Intro to my gardening book, ‘A plant only wants to make seeds’

Published 10:48 am Friday, November 8, 2019

I’m not a horticulturist by trade and my short experience leaves me well short of expert. So I could never write a gardening book. But if I were to be so foolhardy, I know how I would kick it off.

I’d start with my opinion that a plant only has one mission in life and it has nothing to do with you or me. A plant doesn’t care if we eat or go hungry. It doesn’t care whether or not we have clothes, firewood or a chest of drawers. It doesn’t matter to a plant if we ever see wildflowers or smell a rose. A plant’s only mission is to replicate itself; to procreate; to maintain the species. And this single goal is attained by making seeds. A plant only wants to make seeds.

How’s that for a simple opener?

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Left to nature, the seed-making role of plants is the only original way plants had to match their environment. Sometimes called “survival of the fittest,” plants that withstood weather extremes were the ones left to provide genes within pollen and embryos and forwarded to seeds.

At some point after mankind first noted differences in yields and taste and so forth among plants of the same kind, we began saving seeds from superior plants to grow the next generation. Eventually, instead of leaving pollination and plant genetics to nature, our ancestors slowly took control.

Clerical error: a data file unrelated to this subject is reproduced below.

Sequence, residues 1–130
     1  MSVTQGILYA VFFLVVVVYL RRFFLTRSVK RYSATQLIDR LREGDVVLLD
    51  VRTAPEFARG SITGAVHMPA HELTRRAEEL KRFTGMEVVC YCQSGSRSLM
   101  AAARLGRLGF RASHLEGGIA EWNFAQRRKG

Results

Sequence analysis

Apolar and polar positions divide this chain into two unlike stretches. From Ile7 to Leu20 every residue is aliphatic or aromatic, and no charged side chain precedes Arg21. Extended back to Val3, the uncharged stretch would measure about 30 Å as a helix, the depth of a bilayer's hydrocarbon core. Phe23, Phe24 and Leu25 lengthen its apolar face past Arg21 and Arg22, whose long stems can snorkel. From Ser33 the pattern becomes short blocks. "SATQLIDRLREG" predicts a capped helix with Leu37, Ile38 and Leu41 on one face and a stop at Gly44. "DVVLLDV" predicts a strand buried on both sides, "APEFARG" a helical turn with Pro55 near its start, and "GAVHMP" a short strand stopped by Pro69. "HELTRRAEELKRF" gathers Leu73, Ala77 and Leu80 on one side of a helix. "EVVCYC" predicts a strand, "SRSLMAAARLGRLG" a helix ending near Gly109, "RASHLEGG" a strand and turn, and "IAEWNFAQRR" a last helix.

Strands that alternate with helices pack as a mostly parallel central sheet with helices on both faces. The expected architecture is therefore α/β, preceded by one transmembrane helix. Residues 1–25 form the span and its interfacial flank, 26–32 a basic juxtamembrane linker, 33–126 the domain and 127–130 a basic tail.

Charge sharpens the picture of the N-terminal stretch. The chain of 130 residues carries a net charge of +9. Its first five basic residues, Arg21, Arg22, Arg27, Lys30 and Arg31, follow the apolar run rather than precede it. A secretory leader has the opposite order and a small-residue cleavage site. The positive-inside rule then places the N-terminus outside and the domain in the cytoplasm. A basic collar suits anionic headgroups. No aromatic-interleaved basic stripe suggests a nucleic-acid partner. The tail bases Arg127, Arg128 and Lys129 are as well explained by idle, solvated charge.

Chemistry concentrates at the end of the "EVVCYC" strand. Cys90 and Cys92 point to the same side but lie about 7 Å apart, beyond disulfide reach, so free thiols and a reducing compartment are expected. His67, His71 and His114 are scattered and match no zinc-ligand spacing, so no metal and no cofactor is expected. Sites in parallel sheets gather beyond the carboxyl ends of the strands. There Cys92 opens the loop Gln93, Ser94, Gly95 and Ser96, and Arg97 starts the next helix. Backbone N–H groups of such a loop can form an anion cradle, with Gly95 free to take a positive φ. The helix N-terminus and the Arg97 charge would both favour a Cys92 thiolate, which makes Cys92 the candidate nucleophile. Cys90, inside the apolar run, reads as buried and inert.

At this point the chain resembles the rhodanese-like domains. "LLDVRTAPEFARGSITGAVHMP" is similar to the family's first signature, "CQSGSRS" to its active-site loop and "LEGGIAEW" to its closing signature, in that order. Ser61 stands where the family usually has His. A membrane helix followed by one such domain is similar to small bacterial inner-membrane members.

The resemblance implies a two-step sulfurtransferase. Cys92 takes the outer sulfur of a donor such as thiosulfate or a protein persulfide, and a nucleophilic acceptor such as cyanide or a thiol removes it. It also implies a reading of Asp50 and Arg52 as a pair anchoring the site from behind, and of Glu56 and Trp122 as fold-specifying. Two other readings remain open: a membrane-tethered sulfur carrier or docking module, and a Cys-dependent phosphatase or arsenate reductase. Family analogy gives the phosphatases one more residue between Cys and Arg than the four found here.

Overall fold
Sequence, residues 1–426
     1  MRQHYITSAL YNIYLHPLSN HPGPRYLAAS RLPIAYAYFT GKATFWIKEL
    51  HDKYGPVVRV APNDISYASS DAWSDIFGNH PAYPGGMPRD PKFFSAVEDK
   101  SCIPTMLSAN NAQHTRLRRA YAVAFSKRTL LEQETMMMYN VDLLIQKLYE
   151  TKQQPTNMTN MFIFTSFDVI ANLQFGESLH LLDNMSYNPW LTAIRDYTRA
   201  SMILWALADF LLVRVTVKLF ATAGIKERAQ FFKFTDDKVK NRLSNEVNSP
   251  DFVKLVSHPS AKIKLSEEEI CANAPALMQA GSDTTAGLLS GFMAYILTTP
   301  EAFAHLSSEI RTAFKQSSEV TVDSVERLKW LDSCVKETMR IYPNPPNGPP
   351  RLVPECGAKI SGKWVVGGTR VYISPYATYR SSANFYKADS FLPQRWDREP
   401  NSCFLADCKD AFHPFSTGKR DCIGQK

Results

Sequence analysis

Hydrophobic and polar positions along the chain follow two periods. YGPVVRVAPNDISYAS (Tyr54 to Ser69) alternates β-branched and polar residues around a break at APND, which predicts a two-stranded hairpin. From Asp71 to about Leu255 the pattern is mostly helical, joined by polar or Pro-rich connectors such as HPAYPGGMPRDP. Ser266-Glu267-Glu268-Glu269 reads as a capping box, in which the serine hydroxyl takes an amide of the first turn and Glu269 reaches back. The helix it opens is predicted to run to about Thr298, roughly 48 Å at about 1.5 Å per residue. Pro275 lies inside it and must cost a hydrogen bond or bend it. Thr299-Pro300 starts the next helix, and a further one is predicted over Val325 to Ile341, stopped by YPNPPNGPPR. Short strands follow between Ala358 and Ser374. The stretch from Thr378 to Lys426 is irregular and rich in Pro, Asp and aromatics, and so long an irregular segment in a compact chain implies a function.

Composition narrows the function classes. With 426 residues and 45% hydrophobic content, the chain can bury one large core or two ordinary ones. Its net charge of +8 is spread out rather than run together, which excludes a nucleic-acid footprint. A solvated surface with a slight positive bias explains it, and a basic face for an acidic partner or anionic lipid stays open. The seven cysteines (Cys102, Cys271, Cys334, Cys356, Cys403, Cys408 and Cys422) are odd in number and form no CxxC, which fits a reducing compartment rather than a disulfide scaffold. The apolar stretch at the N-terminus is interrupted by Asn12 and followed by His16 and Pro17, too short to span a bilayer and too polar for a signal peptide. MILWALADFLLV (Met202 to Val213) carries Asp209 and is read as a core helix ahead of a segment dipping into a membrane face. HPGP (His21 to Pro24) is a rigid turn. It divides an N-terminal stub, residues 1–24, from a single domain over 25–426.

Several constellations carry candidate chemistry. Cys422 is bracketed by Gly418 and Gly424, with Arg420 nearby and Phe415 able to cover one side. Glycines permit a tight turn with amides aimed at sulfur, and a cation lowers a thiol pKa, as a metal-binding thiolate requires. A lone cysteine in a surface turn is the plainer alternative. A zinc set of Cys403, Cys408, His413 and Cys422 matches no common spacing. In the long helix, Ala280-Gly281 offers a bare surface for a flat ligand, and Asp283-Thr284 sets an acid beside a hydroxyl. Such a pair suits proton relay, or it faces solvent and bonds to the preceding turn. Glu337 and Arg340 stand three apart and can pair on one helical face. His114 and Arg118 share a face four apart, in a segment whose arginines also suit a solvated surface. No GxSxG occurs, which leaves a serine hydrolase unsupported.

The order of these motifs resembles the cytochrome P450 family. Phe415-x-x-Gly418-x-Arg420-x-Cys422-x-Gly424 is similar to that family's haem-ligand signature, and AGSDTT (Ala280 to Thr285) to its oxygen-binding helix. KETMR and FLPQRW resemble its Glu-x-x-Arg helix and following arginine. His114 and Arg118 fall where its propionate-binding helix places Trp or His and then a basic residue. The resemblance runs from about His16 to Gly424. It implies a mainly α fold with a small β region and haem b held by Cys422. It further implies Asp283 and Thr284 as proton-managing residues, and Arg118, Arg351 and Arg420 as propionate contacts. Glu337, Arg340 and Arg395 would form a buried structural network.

They planted this good plant next to that good plant and let wind and insects move pollen around. Then our ancestors took over pollen-movement duties to create improved varieties among favored plant species.

Obviously many plant species are not routinely multiplied and planted by seed anymore.

Grafting, rooting, division and other forms of vegetative propagation are the norm for a lot of species, especially woody stem shrubs, bulb and tuber plants and most fruit and nut trees. This is because many perennials and even some annual plants “don’t breed true” and their seeds will not produce exact replicas of the parent plant. But the creation of the parent plant was originally done with seeds through pollination between two grandparent plants. All new plant varieties are created as seeds.

We gardeners don’t deal with azalea seeds or rose seeds or juniper seeds. But the folks whose jobs entail developing new varieties of those plants do deal with their seeds. Ditto for people trying to come up with better asparagus and sugar cane. 

All terrestrial plants produce seeds. Or they used to. Or they do in their homeland.

Other than forest trees, most of the plant species we grow here on purpose came from elsewhere within the past 400 or so years.

Some can’t produce seeds here because it gets too cold, or too hot. And by ignoring seed production in the plants we propagate vegetatively, the genetic ability for seed production has waned in some species. Rose seeds are few and in some varieties very rare. But making seeds is all a rose plant cares about, not you or me.


Terry Rector writes for the Warren County Soil and Water Conservation District.